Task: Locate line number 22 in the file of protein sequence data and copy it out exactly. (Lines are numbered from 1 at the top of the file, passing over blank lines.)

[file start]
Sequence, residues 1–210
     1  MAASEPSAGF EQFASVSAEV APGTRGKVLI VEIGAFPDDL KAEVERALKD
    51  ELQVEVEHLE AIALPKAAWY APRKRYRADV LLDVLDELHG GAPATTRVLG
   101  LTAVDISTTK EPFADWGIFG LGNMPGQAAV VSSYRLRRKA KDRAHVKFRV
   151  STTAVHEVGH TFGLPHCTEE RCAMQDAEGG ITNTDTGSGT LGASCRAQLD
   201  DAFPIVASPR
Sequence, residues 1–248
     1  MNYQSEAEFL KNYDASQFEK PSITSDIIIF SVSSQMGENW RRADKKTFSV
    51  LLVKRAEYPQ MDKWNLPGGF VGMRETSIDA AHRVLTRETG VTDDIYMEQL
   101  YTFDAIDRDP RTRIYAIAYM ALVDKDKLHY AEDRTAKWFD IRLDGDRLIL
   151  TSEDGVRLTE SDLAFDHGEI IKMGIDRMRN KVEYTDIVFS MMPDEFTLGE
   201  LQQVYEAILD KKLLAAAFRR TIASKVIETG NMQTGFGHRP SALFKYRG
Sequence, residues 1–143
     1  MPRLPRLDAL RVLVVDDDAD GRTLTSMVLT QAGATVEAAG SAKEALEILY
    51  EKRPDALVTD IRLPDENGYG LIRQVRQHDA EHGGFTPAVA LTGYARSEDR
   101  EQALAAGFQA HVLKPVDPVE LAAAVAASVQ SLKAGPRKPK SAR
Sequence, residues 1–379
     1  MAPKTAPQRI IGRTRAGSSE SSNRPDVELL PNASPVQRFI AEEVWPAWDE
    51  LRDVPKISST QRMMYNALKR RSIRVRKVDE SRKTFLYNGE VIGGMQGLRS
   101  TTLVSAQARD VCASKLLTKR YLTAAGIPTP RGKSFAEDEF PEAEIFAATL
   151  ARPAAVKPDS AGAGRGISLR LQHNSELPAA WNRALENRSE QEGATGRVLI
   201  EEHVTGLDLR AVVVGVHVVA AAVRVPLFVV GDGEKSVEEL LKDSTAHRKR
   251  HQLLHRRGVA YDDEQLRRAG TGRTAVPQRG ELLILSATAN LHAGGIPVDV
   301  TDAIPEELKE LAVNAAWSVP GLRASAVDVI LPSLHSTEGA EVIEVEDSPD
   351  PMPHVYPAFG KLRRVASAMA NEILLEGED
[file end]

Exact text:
   201  EEHVTGLDLR AVVVGVHVVA AAVRVPLFVV GDGEKSVEEL LKDSTAHRKR